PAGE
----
It is hard enough to find the right assisted living community for your parent, but the actual act of moving is a big undertaking in its own right. You not only have to worry about the logistics of the move but you also need to try to make the process stress-free for your parent.
Learn more from these seven tips for moving your elderly parents.
7 Tips for Moving Your Elderly Parents
Downsizing is perhaps the most challenging aspect of all for those moving to assisted living from a single family home.
Here are seven tips to help you get the job done, while making the move easy on your parent:
1. Measure Space
Know the floor plan of your parent’s new apartment at assisted living, including total square feet. This will help you decide just how much downsizing needs to be done, and what rooms need to be furnished.
2. Involve Your Parents
Get your parent involved in the process from the start. Ask what is essential for them to bring to their new home. Make sure to pack everything that’s important to your parent, according to how much space is available. If your parent wants to bring more than what’s possible, have a conversation about priorities and remind them that your family will take good care of items that can’t be brought along. Ask about any places that might have hidden important documents or objects.
3. Take Inventory
Take a good look around you parent’s home and see how much you’re dealing with. Don’t forget to check the closets! Clothing is part of the downsizing equation too.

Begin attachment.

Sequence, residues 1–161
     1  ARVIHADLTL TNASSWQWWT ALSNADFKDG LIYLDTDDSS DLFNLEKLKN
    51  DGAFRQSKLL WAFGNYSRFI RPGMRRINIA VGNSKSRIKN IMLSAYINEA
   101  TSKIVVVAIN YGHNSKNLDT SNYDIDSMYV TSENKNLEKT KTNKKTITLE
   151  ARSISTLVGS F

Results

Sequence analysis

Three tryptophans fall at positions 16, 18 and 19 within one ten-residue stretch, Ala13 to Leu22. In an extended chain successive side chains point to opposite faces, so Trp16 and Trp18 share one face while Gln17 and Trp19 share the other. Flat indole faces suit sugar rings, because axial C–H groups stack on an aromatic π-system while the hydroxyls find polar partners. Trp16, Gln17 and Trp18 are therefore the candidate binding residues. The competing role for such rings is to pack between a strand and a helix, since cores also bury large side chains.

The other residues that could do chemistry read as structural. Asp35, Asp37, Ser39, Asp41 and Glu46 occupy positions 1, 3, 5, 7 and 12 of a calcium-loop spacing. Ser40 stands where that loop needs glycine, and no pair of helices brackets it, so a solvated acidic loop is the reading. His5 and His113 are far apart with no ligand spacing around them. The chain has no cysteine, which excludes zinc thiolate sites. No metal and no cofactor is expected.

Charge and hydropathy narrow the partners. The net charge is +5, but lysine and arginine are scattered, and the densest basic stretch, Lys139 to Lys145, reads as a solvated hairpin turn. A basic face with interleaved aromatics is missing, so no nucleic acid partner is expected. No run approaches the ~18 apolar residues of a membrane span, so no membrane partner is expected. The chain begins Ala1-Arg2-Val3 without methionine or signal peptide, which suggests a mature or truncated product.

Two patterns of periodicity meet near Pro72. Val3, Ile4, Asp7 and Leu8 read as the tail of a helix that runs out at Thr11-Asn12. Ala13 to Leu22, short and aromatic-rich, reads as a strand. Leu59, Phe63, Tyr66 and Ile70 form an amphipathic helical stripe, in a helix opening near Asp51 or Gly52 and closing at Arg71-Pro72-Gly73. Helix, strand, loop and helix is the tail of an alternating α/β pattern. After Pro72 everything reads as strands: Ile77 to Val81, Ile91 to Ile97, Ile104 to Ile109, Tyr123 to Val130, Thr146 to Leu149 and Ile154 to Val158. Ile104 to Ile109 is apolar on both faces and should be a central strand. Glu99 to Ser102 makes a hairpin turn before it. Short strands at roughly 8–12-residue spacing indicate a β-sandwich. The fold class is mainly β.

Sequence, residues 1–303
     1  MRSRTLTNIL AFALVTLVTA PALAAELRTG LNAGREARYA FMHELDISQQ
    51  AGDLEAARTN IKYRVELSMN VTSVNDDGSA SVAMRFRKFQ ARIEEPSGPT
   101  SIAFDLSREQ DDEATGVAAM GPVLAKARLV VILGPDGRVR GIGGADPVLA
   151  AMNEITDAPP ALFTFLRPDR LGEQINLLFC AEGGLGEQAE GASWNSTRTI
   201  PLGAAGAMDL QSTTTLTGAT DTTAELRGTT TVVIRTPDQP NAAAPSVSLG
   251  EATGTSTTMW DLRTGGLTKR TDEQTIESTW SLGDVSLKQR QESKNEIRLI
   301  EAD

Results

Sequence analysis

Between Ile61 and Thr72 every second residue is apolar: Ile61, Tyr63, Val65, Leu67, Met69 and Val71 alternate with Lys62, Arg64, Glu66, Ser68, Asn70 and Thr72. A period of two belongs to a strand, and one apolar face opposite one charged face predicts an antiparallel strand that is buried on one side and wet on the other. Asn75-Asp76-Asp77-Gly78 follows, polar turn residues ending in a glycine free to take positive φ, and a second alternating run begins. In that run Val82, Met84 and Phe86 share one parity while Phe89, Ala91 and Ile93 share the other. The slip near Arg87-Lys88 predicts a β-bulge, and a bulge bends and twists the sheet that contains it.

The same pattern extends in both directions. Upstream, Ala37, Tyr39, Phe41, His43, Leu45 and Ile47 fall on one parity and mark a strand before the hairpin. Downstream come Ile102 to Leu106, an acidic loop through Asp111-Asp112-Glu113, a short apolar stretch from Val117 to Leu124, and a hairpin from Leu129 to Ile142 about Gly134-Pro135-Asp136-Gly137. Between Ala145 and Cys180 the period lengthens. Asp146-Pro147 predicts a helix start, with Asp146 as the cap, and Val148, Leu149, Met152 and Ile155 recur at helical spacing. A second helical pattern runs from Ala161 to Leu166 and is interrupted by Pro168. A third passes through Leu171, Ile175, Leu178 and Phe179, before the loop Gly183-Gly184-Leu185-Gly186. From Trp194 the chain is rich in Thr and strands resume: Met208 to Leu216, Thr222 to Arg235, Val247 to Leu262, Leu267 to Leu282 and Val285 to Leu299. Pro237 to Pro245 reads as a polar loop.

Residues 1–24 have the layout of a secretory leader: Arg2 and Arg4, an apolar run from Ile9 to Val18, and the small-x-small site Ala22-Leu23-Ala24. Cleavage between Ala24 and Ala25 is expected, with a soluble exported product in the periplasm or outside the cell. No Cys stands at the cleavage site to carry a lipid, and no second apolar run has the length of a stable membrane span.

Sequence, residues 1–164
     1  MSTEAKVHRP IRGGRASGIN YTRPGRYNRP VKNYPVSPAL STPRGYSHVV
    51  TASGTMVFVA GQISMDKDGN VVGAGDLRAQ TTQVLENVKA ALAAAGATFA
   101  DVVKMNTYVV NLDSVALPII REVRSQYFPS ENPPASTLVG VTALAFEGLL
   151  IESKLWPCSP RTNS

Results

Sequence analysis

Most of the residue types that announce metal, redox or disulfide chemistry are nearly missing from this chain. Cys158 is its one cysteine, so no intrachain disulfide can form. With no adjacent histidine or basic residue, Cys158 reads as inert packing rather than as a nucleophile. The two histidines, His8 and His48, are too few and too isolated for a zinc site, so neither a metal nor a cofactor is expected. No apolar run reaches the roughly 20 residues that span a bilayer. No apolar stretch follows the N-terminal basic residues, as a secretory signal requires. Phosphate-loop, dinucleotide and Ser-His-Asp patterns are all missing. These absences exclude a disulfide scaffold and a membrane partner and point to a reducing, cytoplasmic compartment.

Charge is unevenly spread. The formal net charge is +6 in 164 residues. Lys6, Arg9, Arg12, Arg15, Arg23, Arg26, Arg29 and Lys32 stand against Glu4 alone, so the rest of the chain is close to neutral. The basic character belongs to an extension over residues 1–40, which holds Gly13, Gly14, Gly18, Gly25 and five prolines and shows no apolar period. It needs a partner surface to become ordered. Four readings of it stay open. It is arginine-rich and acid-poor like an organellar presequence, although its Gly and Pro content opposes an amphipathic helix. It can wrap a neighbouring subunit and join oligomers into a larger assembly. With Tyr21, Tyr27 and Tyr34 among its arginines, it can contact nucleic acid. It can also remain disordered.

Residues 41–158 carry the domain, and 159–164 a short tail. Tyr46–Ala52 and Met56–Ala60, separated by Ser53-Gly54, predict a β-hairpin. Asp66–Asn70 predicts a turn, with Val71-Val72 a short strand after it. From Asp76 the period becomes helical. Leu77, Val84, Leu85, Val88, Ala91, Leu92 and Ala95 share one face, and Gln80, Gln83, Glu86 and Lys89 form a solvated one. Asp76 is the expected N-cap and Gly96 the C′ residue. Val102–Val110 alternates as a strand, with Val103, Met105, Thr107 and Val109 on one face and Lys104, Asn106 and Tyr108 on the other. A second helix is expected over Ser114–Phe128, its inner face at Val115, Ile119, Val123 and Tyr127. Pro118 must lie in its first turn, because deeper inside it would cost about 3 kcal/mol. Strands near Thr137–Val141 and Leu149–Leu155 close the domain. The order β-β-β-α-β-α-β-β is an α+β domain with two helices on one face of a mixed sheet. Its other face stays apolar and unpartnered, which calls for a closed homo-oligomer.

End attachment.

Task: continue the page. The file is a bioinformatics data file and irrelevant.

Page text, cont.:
4. Involve Other Family Members
There are likely to be lots of objects important to you and your family that won’t be moving with your parent, but certainly shouldn’t be disposed of. Are there pieces of furniture, clothing, dishes or vases that are important to your siblings, aunts, uncles or cousins? Invite your other family members over to the house your parent is moving from to see if there’s anything special they’d like to keep. Maybe they’ll even help with the move too!
5. Estate or Yard Sale
After your parent has identified everything she or he wants to bring along to assisted living, and after you and your family have had a chance to pick through the rest, there’s likely to be plenty of items of value remaining. Have a sale to get rid of more. Consider donating anything remaining that could potentially be used by someone else.
6. Donating to Charity
Call Goodwill or St. Vincent de Paul to have them pick up any items that could benefit others. After all the preceding steps, most of what’s left at your parent’s old home may not be valuable to anyone. If it’s more than you can haul to the dump on your own, call a junk disposal service. You can use earnings from the yard-sale to offset the cost. These services will even remove garbage and debris from in a home so that you can prepare to sell the house if that’s your family’s intention.
7. Decorating the New Apartment
In Joan Lunden’s book for caregivers “Chicken Soup for the Caregiver’s Soul” she describes furnishing and decorating her mother’s residence at her senior community such that its rooms looked just like rooms in her old home. This will really help ease the transition for your parent and is especially helpful for a parent with dementia.
Looking for an assisted living community for a parent or senior loved one? AssistedLiving.com has more than 200 Senior Living Advisors who have knowledge of assisted living communities in their area, and can send you a list of places that meet your family’s specific needs. Contact us to get started.